Document Type

Honors Capstone Project

Date of Submission

Spring 4-1-2008

Capstone Advisor

Dr. Melissa Pepling

Honors Reader

Dr. Eleanor Maine

Capstone Major

Biology

Capstone College

Arts and Science

Audio/Visual Component

no

Capstone Prize Winner

no

Won Capstone Funding

no

Honors Categories

Sciences and Engineering

Subject Categories

Biology

Abstract

The development of primordial germ cells into oocytes is important for mammalian reproduction. Female germ cells first undergo a number of cell divisions resulting in the formation of cysts. Germ cell cysts are clusters of cells connected by intercellular bridges, formed by incomplete cytokinesis. The cysts breakdown after birth, resulting in individual oocytes that become surrounded by somatic pre-granulosa cells to form primordial follicles. During cyst breakdown two thirds of the original population of oocytes die. However, the processes by which cells within the cyst are designated to survive or die is not yet known. In addition, it is not yet known how primordial follicle formation is controlled. Evidence from other studies suggests that estrogen signaling might play a role in the process of early oocyte differentiation. The estrogen hormone regulates growth and differentiation in certain tissues through receptor-mediated pathways. Estrogen can signal through two different nuclear receptors called Estrogen Receptor alpha (ERa) and Estrogen Receptor beta (ERb). Previous studies have shown that ERa and ERb receptor specific agonists cause delays in cyst breakdown. The purpose of my thesis is to try to understand the role of signaling through ERa in the neonatal mouse ovary. ERa knockout mice, lacking ERa, were examined for defects in cyst breakdown, germ cell death, and follicle development. Ovaries were harvested from neonates during cyst breakdown of CD-1 wild type (+/+), heterozygous ERa (+/-), and homozygous ERa (-/-) knockout (ERaKO) mice. ERa knockout mice exhibited a slight difference in cyst breakdown at PND1 and PND7 and had lower oocyte numbers than did CD-1 wildtype mice. Effects on follicle development were overall inconclusive and further analysis is necessary. This research adds to knowledge of the role of ERa in cyst breakdown and sheds light on the mechanisms of oocyte differentiation.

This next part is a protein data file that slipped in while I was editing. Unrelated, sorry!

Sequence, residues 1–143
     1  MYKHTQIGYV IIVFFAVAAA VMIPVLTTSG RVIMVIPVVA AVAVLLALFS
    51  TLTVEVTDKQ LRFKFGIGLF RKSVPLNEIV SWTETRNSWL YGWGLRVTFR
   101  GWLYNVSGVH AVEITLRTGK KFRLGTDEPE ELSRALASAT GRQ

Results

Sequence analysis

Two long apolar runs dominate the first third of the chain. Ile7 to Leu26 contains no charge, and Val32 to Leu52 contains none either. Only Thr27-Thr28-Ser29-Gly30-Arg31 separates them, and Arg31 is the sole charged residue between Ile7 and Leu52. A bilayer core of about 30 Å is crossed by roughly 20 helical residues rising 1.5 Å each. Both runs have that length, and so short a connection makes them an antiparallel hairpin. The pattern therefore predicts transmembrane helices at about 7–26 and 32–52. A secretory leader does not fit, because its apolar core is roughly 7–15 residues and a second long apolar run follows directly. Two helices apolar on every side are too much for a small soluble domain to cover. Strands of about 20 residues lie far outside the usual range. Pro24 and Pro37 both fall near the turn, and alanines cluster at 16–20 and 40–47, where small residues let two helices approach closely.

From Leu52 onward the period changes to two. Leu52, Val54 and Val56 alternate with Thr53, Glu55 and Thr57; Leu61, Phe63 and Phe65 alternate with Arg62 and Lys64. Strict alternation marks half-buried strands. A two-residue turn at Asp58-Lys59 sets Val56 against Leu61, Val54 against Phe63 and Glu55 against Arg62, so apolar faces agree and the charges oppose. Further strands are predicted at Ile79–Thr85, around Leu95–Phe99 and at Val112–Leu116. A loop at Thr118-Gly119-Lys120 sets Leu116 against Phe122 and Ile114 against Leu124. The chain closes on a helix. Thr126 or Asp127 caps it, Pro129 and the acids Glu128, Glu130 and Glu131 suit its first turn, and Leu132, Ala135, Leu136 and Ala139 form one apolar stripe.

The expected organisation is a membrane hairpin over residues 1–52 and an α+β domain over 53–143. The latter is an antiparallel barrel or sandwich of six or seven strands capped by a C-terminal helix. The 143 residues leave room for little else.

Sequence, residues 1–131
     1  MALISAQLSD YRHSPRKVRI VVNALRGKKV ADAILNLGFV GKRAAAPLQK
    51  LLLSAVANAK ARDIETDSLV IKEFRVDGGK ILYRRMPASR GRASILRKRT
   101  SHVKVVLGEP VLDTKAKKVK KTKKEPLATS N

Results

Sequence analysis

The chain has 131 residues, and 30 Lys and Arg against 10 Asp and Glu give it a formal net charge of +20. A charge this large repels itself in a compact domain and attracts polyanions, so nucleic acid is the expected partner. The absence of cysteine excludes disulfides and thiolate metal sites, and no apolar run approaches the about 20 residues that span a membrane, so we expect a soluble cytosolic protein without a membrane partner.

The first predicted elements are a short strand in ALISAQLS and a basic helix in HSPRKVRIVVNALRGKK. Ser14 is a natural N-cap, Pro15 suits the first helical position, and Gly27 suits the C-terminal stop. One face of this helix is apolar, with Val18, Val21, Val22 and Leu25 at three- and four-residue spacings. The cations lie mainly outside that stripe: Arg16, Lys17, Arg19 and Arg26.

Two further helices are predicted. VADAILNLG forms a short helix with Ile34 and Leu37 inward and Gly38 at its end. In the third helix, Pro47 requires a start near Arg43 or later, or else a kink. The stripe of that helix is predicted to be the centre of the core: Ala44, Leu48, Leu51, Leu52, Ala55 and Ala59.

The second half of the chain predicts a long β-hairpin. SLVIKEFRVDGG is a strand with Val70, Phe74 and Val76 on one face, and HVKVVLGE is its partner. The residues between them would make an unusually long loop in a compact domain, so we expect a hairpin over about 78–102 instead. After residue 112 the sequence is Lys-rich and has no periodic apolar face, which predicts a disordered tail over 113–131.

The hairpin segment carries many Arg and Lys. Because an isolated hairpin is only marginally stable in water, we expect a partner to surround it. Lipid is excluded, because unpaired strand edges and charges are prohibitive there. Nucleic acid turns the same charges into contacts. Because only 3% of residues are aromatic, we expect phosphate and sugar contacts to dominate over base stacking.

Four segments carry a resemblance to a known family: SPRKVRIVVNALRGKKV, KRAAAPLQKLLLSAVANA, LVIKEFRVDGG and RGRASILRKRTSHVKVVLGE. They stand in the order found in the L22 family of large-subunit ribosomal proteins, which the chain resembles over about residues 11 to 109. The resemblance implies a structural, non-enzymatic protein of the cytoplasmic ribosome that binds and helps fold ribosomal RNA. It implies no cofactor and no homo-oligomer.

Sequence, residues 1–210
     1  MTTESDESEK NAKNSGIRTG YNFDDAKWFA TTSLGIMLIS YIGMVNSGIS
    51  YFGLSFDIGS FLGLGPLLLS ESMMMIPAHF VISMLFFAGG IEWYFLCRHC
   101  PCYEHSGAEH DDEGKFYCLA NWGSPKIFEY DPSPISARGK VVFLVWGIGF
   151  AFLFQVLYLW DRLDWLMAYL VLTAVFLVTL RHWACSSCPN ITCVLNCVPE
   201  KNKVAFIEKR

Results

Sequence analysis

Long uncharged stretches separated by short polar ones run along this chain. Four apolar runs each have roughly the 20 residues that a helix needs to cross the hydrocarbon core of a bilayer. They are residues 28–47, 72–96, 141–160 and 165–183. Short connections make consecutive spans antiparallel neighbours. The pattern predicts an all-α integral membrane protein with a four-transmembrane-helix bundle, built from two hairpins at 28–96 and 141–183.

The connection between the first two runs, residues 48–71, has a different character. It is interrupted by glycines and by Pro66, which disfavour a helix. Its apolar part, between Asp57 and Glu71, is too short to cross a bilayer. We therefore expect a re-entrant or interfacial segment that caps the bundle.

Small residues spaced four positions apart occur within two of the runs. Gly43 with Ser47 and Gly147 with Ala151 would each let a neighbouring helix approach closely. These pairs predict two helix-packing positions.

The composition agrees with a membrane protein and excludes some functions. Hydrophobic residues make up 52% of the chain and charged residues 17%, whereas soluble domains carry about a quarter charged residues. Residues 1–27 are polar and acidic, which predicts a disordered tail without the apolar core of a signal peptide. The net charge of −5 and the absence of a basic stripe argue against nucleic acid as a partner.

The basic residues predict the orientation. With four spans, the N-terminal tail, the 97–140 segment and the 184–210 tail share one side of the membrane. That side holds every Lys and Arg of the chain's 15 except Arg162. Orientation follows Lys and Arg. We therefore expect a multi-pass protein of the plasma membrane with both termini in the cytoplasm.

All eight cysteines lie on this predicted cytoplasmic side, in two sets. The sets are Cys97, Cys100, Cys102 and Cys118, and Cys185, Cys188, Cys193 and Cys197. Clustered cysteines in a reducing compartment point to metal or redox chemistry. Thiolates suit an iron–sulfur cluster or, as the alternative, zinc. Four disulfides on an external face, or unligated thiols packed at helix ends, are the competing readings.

Creative Commons License

Creative Commons Attribution-Noncommercial-No Derivative Works 3.0 License
This work is licensed under a Creative Commons Attribution-Noncommercial-No Derivative Works 3.0 License.

Included in

Biology Commons

Share

COinS
 
 

To view the content in your browser, please download Adobe Reader or, alternately,
you may Download the file to your hard drive.

NOTE: The latest versions of Adobe Reader do not support viewing PDF files within Firefox on Mac OS and if you are using a modern (Intel) Mac, there is no official plugin for viewing PDF files within the browser window.